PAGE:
Kristof: “America’s History Of Fear” (And Fear-Mongering)
Nicholas Kristof reminds us that the current anti-Muslim narrative in America is redolent of the way Catholics, Mormons and Jews were treated here in the past.
Suspicion of outsiders, of people who behave or worship differently, may be an ingrained element of the human condition, a survival instinct from our cave-man days. But we should also recognize that historically this distrust has led us to burn witches, intern Japanese-Americans, and turn away Jewish refugees from the Holocaust.
The Know Nothing movement spoke of the “Catholic menace.”
One book warned that Catholicism was “the primary source” of all of America’s misfortunes, and there were whispering campaigns that presidents including Martin Van Buren and William McKinley were secretly working with the pope. Does that sound familiar?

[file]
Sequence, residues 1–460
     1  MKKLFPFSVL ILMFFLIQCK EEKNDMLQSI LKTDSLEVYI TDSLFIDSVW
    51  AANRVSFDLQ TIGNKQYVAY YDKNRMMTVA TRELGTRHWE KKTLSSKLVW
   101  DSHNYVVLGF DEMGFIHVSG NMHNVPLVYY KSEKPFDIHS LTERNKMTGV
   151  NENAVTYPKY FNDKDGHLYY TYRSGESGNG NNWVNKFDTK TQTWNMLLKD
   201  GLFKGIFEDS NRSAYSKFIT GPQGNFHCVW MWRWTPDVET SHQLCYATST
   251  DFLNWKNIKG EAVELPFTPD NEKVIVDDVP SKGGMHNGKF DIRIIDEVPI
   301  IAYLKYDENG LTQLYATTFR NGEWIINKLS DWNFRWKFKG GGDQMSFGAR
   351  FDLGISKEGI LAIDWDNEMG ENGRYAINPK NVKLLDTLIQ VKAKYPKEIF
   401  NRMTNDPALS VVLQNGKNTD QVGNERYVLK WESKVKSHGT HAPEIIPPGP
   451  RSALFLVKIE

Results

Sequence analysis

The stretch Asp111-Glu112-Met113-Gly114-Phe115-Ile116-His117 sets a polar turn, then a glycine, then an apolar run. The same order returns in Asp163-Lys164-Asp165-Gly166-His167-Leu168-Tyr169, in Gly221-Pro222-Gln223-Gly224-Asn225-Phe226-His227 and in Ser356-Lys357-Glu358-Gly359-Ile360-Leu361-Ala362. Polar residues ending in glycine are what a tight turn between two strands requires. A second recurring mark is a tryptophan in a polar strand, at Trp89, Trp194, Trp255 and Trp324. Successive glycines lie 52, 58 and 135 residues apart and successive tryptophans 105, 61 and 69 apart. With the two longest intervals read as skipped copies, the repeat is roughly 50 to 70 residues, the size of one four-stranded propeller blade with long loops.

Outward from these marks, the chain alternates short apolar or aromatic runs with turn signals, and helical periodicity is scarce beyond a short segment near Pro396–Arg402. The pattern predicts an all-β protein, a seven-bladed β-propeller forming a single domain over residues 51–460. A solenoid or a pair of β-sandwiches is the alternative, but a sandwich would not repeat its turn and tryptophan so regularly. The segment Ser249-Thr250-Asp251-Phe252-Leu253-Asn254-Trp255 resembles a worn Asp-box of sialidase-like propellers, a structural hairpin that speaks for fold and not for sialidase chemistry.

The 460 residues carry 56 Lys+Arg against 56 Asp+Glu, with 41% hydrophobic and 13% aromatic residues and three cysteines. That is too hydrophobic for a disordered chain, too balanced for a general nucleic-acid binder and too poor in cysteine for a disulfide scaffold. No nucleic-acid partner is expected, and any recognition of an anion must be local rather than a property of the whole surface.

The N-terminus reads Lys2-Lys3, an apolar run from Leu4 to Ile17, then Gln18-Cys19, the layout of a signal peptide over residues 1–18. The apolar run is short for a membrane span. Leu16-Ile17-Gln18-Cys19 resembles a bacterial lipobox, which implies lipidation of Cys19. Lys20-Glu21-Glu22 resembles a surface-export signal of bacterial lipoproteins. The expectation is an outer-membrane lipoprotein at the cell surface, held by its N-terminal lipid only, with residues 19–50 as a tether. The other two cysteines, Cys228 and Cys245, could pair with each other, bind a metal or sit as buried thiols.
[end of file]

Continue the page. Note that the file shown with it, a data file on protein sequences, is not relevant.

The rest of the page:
Jews were also once regarded a a menace, with warnings that they were plotting to destroy America.
All that is part of America’s heritage, and typically as each group has assimilated, it has participated in the torment of newer arrivals — as in Father Charles Coughlin’s ferociously anti-Semitic radio broadcasts in the 1930s. Today’s recrudescence is the lies about President Obama’s faith, and the fear-mongering about the proposed Islamic center.
Kristof rightly suggests that as we urge moderate Muslims to speak out against their extremists, we must speak out against our own.Click here for reuse options!
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